Cookies on this website
We use cookies to ensure that we give you the best experience on our website. If you click 'Continue' we'll assume that you are happy to receive all cookies and you won't see this message again. Click 'Find out more' for information on how to change your cookie settings.

Radcliffe Department of Medicine's Professor Shoumo Bhattacharya has been working with a UK-based biotechnology firm to find out if his research on the ‘pharmacological goldmine’ in tick saliva might offer a treatment option for COVID-10 patients.

Close up photo of adult female deer tick crawling on a piece of straw

Professor Bhattacharya’s work has found that tick saliva could potentially yield many new drugs which could treat disorders ranging from cardiovascular diseases and stroke to arthritis. His research group has identified a group of tick saliva proteins called evasins, which bind to and neutralise chemokines, a group of chemicals key to causing inflammation in the body.

The researchers also worked out the structural trick that enables tick evasins to block a complex pathway that has multiple routes to the same response. What’s more, they can manipulate this structure to make new, custom-made proteins, producing developed triple headed evasins – essentially combining three different types of evasins to maximise the absorption of chemokine messengers responsible for inflammation in the lungs and circulatory system.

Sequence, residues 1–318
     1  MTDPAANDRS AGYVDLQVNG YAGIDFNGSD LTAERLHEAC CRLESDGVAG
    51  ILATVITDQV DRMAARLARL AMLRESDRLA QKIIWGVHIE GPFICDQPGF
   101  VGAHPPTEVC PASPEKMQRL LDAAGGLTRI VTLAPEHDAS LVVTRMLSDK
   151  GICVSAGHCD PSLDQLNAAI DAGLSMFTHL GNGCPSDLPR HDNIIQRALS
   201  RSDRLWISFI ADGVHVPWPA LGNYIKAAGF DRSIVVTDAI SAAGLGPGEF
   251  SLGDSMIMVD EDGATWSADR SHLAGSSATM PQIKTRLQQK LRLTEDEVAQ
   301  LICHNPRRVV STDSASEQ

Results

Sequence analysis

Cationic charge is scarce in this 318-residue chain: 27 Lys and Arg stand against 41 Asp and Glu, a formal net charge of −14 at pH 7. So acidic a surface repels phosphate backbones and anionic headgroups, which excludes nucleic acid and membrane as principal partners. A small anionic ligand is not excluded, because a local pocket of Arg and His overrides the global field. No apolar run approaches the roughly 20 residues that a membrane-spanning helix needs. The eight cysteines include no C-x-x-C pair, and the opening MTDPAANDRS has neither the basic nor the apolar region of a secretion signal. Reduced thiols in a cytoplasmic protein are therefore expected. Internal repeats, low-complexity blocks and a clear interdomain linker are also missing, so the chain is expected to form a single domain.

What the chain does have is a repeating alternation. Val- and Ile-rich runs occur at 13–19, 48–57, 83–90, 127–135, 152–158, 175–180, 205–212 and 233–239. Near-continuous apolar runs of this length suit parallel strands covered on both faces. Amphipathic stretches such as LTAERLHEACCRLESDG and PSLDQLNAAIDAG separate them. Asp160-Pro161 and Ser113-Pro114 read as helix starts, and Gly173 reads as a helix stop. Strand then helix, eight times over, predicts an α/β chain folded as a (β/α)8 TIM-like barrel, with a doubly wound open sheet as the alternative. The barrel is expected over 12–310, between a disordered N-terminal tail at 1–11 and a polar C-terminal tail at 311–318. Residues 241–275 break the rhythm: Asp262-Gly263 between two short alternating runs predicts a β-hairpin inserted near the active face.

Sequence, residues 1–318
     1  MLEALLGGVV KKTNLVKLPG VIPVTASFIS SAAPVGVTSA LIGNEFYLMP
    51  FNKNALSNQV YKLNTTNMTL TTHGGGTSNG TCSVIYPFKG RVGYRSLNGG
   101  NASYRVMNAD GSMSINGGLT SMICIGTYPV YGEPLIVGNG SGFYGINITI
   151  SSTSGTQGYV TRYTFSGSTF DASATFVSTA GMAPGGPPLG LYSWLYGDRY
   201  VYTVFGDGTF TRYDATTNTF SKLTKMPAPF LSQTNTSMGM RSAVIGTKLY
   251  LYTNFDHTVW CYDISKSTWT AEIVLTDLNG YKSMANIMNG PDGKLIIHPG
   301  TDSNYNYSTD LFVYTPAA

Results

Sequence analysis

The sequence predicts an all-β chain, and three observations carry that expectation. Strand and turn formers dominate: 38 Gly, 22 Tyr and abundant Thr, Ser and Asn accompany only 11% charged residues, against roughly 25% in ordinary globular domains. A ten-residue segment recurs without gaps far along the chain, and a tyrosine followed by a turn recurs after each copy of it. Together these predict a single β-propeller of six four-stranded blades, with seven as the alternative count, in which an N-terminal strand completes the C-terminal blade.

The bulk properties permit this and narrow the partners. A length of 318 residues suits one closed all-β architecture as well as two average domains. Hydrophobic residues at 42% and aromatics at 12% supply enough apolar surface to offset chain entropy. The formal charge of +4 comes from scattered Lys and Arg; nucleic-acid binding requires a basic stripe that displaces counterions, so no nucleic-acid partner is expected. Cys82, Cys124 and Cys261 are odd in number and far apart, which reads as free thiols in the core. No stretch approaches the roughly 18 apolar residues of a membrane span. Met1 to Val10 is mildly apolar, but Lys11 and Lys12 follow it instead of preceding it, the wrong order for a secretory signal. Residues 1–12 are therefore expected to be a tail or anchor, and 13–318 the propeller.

Read more on the Radcliffe Department of Medicine website

Similar stories

Oxford vaccine reaches one billion doses released

The University of Oxford’s and our partners AstraZeneca have today announced that one billion doses of the ChAdOx1 nCov-19 coronavirus vaccine have been released, to more than 170 countries, marking a key milestone as part of the University and AstraZeneca’s joint vision to make the available to the world, on a not-for-profit basis for the world during the pandemic, and in perpetuity for low- and middle-income countries.

Research programme tackling COVID-19 variants of concern receives funding boost

A gift from the Red Avenue Foundation will enable the expansion of a major research programme aimed at rapidly identifying and interrogating emerging COVID-19 variants.

Phase I trial begins of new vaccine against the Plague

Researchers at the University of Oxford today launched a Phase 1 trial to test a new vaccine against plague.

New therapeutic targets identified in the treatment of psoriatic arthritis

Researchers identify two inflammatory-driving proteins, osteopontin and CCL2, highly expressed in psoriatic arthritis joints.

Treatment choice for rotator cuff disorders could create efficiency and savings for the NHS

A trial that evaluated the clinical and cost effectiveness of physiotherapy treatments for rotator cuff disorders suggests cost savings can be made while maintaining positive patient outcomes.